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Oidhreacht Éireann

Biodiversity Week 2024 – Homes for Wildlife

Celebrating National Biodiversity Week with Over 40 Events across Heritage Ireland sites

A female kestrel sits on top of a wedge shaped tomb at Carrowmore Megalithic Cemetery. The iconic outline of Ben Bulben mountain is visible in the backdrop.


Welcoming National Biodiversity Week, Kieran O’Donnell T.D., Minister of State with Responsibility for the Office of Public Works, said:

I am delighted to welcome the arrival of National Biodiversity Week- celebrated by the OPW with over 40 events taking place at more than 12 of our heritage sites nationwide from 17 May to 26 May. Families around the country are spoiled for choice this National Biodiversity Week – there’s truly something for everyone, young and old. We are proud to be able to showcase our rich natural heritage across these sites, which are maintained by OPW staff to the highest standards of excellence. I wish to commend them for the hard work they undertake year-round and for organising such engaging and creative events across our magnificent historic houses, estates, castles, gardens, parks and prehistoric monuments.

A view over placid waters of Lough Gill and Parkes Castle
Parke’s Castle occupies a striking setting on the northern shores of Lough Gill in County Leitrim.

Families will find plenty to enjoy across the week, with a range of workshops, tours, trails and other fun activities on offer. Other events include in depth talks on biodiversity and conservation by leading experts. A full day of family-friendly fun is on offer at Céide Fields, Co. Mayo, where cliff-side telescope viewings, guided tours of the blanket bog and a wildlife scavenger hunt are open to the public free of charge.


Lorcán Scott, Biodiversity Officer at the Office of Public Works, said:

It is great to see such a diverse range of events across OPW sites, celebrating our rich biodiversity that exists throughout the country. Under the OPW’s stewardship, these sites support a myriad of habitats and species that we want to ensure are there for future generations to cherish. The theme for International Day for Biodiversity 2024 is ‘Be part of the Plan,’ with the implementation of our Biodiversity Action Strategy, the OPW is demonstrating we can play our part in addressing the global biodiversity crisis, and the expert work of our gardeners and guides play no small part in this mission.

Pathway with view of the Atlantic Ocean, at Ceide Fields, Co Mayo.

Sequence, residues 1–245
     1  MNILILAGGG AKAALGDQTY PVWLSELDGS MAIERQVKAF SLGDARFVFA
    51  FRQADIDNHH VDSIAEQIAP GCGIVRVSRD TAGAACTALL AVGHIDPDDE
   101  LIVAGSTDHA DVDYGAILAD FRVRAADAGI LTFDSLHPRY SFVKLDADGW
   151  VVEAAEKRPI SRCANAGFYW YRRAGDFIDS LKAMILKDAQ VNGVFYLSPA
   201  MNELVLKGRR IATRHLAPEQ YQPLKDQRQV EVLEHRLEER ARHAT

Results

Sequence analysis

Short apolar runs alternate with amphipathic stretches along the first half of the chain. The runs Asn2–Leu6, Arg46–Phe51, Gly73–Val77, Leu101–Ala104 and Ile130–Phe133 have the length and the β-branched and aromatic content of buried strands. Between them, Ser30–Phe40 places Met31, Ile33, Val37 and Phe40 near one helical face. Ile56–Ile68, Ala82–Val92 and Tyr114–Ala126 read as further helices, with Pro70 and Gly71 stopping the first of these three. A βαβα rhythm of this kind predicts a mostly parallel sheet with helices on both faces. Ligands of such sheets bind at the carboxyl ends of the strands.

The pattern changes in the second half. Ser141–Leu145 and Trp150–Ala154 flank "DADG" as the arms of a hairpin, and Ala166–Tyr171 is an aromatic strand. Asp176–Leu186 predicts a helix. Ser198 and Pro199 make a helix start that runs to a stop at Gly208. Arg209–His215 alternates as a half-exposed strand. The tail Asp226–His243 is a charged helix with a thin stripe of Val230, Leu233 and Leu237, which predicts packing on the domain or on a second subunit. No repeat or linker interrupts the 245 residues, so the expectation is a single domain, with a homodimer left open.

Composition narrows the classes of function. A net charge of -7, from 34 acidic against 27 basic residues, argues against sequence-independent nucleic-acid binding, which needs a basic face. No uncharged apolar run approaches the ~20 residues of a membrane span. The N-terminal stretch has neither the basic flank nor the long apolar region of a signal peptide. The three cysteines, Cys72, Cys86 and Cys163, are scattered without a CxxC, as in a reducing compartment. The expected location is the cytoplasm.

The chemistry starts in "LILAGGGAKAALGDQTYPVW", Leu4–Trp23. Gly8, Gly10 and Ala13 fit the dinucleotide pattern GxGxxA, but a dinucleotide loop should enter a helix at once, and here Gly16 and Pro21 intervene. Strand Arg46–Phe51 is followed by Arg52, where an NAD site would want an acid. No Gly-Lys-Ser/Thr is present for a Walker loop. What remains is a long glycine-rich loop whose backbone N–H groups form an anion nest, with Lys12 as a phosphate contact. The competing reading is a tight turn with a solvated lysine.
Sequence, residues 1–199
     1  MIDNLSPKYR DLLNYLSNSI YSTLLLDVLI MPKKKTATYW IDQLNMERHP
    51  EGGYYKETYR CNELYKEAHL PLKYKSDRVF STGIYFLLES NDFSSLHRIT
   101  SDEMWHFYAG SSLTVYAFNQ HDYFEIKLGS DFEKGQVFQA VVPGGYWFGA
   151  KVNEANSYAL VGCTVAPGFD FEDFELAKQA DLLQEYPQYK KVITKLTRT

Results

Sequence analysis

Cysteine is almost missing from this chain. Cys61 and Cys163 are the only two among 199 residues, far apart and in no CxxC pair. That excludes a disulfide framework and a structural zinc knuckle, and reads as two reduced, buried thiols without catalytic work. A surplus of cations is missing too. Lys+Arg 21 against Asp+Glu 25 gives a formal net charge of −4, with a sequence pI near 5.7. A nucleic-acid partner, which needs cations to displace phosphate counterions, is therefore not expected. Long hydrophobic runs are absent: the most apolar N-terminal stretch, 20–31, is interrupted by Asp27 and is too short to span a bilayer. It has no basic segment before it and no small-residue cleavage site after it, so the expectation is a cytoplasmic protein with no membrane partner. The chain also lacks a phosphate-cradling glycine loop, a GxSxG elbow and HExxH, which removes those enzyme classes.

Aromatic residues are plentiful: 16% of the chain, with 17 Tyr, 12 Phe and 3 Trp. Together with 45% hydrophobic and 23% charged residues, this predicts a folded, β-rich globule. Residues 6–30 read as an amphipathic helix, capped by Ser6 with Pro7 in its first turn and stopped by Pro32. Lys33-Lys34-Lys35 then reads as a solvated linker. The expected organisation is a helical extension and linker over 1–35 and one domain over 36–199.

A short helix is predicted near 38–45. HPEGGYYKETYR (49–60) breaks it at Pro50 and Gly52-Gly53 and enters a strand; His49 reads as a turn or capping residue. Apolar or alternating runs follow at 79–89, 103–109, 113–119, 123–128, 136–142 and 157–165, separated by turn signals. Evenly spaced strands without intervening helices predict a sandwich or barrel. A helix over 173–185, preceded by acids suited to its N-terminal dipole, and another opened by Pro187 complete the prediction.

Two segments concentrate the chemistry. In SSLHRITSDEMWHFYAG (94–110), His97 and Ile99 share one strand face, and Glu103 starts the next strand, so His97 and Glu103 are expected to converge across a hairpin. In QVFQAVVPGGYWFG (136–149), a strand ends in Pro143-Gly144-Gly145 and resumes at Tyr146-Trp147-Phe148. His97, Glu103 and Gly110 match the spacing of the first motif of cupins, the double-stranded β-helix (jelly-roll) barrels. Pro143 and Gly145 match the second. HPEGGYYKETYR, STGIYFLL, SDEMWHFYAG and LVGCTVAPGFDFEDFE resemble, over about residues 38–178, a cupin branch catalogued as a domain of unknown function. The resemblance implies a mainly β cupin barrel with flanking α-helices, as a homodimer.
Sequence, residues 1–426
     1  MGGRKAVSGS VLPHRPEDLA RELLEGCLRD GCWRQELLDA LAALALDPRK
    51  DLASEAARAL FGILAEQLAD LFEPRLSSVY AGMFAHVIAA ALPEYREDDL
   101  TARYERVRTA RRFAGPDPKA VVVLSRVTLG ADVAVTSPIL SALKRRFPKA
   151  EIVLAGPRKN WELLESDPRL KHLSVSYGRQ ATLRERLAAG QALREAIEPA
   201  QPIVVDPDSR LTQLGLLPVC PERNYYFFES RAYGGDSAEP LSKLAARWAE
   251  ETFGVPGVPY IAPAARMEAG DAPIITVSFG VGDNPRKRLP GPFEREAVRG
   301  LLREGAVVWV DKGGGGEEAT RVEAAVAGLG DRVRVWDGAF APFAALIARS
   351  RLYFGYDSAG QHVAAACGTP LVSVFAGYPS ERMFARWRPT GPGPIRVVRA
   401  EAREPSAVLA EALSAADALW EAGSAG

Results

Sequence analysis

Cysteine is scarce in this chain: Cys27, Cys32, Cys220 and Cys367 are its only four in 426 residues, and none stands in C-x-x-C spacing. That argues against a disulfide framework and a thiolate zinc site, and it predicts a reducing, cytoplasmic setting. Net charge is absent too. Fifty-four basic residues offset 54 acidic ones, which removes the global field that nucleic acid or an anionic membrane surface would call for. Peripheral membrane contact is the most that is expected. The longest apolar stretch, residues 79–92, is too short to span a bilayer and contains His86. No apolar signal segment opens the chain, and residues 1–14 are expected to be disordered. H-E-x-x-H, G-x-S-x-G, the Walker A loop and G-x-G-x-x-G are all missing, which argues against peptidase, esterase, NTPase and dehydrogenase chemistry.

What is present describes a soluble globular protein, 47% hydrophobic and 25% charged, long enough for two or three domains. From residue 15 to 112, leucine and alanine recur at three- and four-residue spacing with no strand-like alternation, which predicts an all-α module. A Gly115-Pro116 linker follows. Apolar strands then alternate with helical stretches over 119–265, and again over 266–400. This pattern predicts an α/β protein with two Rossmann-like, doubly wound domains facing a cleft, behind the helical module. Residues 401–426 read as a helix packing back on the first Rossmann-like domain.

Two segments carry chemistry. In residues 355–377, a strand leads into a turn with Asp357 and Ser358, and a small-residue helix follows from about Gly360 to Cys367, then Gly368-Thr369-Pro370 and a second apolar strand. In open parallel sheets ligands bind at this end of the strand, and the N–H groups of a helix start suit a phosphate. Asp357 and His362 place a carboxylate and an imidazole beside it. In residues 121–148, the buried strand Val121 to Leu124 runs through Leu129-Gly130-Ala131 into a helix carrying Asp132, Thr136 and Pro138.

Céide Fields at the edge of Atlantic, Co. Mayo.

In John F. Kennedy Arboretum, Co. Wexford, children can learn through play about the wonders of our natural world by crafting a ‘mandala’, a circular design that radiates out symmetrically from its centre, in the heart of the woodland environment. In this interactive workshop, children can use plant materials sourced around the Arboretum, including rhododendron petals, fallen cones and palm leaves, to create their own unique, natural creations.


At Parkes Castle, Co. Leitrim, botanist and ecologist Dr. Dolores Byrne will lead a hands-on, family friendly exploration of the biodiversity around the castle and along the lakeshore at Lough Gill. At the lake, the whole family will learn about the steps we can take to preserve the biodiversity of this essential natural resource. Children will get the opportunity to collect invertebrates on the lakeshore, as well as a chance to meet and get to know Lough Gill’s bugs and fish.


Visitors to Glendalough Monastic Site, Co. Wicklow, can uncover hidden worlds in the biodiversity treasure hunt and be in with a chance to win an OPW Heritage Card. This card provides 12 months of unlimited access to over 50 OPW sites and visitor attractions with guided tours. While at Glendalough, visitors can hear first-hand from OPW guides about the importance of biodiversity in our built and cultural heritage.


These are just a few of the great events we are running for National Biodiversity Week 2024. This calendar of events is sure to engage and educate young children about the ever-growing importance of biodiversity, and the magical range of flora and fauna alongside which we all coexist. There’s a lot for grown-ups to learn as well, with talks and guided tours on offer from key specialists at the ‘International Conifer Conservation Programme’ at the National Botanic Gardens, Kilmacurragh, Co. Wicklow.




Cover image: A female kestrel sits on top of a wedge shaped tomb at Carrowmore Megalithic Cemetery. The iconic outline of Ben Bulben mountain is visible in the backdrop. Photo by Sally Siggins.

A birch tree is surrounded by a mandala made from flowers, cones and leaves. Concentric circles are divided into segments. White rhododendron flowers feature.
A nature mandala made by visitors at John F Kennedy Arboretum

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